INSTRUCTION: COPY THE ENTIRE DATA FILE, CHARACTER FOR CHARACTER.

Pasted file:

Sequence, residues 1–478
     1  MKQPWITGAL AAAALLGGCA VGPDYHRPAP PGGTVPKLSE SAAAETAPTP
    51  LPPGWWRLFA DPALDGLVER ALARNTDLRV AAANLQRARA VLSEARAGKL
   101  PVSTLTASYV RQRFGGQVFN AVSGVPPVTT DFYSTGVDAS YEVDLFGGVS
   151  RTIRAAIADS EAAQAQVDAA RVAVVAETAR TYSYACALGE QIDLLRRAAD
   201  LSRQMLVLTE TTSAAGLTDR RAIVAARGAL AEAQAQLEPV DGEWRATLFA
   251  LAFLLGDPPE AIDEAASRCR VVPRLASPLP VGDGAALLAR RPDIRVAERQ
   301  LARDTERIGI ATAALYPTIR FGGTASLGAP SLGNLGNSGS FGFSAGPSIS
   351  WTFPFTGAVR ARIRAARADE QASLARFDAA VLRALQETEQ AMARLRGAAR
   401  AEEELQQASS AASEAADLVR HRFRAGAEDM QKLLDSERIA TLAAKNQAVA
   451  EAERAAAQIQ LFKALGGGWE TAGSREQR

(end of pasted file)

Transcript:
Sequence, residues 1–478
     1  MKQPWITGAL AAAALLGGCA VGPDYHRPAP PGGTVPKLSE SAAAETAPTP
    51  LPPGWWRLFA DPALDGLVER ALARNTDLRV AAANLQRARA VLSEARAGKL
   101  PVSTLTASYV RQRFGGQVFN AVSGVPPVTT DFYSTGVDAS YEVDLFGGVS
   151  RTIRAAIADS EAAQAQVDAA RVAVVAETAR TYSYACALGE QIDLLRRAAD
   201  LSRQMLVLTE TTSAAGLTDR RAIVAARGAL AEAQAQLEPV DGEWRATLFA
   251  LAFLLGDPPE AIDEAASRCR VVPRLASPLP VGDGAALLAR RPDIRVAERQ
   301  LARDTERIGI ATAALYPTIR FGGTASLGAP SLGNLGNSGS FGFSAGPSIS
   351  WTFPFTGAVR ARIRAARADE QASLARFDAA VLRALQETEQ AMARLRGAAR
   401  AEEELQQASS AASEAADLVR HRFRAGAEDM QKLLDSERIA TLAAKNQAVA
   451  EAERAAAQIQ LFKALGGGWE TAGSREQR